St. Josephs National School, Letter townland, Islandeady, Co. Mayo
(Dated late 19th century)
NGR: 107056, 289784
It’s late evening near Westport in Co. Mayo after an unusually dark day in late July. The sky has been overcast all afternoon and the air is damp but warm. When I think about Irish summers in the west of Ireland this is undoubtedly the weather I think of; June can (sometimes) bring long hot days but once the Atlantic Ocean has warmed up then the air becomes heavy with moisture. June had been exceptionally warm and dry this year, but now the grassy drumlins around this part of Mayo are fresh after a recent rain shower.
I’ve taken a spin out from Westport toward Castlebar. About halfway along this route there’s a boggy rural spot hidden amongst the drumlins called Islandeady. A friend of a friend had let me know that there’s and old school house located out here and so with an hour or two to spare before sunset I went out to take a quick look.
The parish of Islandeady still contains four (small) working national schools; Cloggernagh, Cornanool, Cougala and Leitir. But the school house at Leitir replaced an earlier school building that still stands, and it is this structure that I’m interested in. Today it’s modern successor has just 6 girls and 4 boys on the coming years enrollment, and I wonder if it’s likely to stay open for much longer.
The original school house at Leitir is located on a low rise over a small local road just a few hundred metres from it’s successor. In form, the old Leitir schoolhouse is identical to the one at Ballymackeehola National School (also in Co. Mayo) which dates to 1895, and though there is no date plaque at Leitir I would imagine it to be of a similar date.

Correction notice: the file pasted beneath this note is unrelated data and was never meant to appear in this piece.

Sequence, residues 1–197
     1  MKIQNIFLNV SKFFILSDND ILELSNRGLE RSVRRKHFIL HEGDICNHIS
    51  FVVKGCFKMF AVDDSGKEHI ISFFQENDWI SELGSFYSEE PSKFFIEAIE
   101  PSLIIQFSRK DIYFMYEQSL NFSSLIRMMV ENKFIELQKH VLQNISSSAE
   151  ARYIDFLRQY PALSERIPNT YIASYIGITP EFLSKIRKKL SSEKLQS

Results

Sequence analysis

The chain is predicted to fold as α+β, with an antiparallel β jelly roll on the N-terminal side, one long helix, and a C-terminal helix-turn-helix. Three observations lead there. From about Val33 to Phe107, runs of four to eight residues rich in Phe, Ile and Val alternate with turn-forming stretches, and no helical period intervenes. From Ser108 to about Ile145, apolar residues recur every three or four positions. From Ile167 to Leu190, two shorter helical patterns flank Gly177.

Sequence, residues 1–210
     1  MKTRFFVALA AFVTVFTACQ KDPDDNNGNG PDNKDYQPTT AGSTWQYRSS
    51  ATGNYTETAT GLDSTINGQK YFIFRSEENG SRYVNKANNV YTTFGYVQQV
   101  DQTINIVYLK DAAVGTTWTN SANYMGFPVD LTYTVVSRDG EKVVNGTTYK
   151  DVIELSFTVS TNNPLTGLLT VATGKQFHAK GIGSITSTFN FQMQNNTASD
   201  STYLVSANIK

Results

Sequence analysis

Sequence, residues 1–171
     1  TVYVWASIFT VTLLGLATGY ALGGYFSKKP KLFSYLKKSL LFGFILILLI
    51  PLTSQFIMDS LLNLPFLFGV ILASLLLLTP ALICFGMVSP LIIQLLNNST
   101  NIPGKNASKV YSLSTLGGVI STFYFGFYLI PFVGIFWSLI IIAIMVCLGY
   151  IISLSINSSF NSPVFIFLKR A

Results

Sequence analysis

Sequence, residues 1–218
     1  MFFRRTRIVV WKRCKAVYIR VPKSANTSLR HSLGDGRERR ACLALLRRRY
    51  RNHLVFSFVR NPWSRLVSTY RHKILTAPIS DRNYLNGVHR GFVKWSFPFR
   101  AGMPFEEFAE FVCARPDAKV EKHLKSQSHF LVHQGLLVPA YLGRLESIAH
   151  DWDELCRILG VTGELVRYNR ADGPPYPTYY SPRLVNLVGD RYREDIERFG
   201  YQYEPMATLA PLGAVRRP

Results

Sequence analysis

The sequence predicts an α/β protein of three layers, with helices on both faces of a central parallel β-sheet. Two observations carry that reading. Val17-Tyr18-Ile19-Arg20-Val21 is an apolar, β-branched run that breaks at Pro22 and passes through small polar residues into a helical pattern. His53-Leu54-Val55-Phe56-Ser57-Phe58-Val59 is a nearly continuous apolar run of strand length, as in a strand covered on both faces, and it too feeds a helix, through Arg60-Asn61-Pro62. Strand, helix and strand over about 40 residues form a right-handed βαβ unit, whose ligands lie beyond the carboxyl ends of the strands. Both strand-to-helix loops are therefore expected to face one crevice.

Leitir is a two-roomed school house; the building comprises a detached four-bay single-storey national school with a pitched slate roof. Like Ballymackeehola the interior of the school house remains in a good state of preservation with many of the original fittings and fixtures still in place. Even more remarkable though is the fact that much of the original school furniture is still scattered around the building. Each of the classrooms also contains an brickwork open fireplace that is typical of these old school buildings.
At the time of the folklore commission’s schools folklore collection initiative in 1938 the headmaster at Leitir was Seán O Reachtaire. He oversaw the collection of a diverse set of customs and stories from the locality that are now available to view free online here. Spinning a yarn was clearly no bother to the locals with nearly 80 pages of local stories collected from the area in 1938. Of these, below are too short extracts giving examples of local folklore (Béaloideas) in 1938.
If you or someone you know attended this national school, please do get in touch and share any stories, anecdotes, photographs, or any other memories you may have. You can do so here.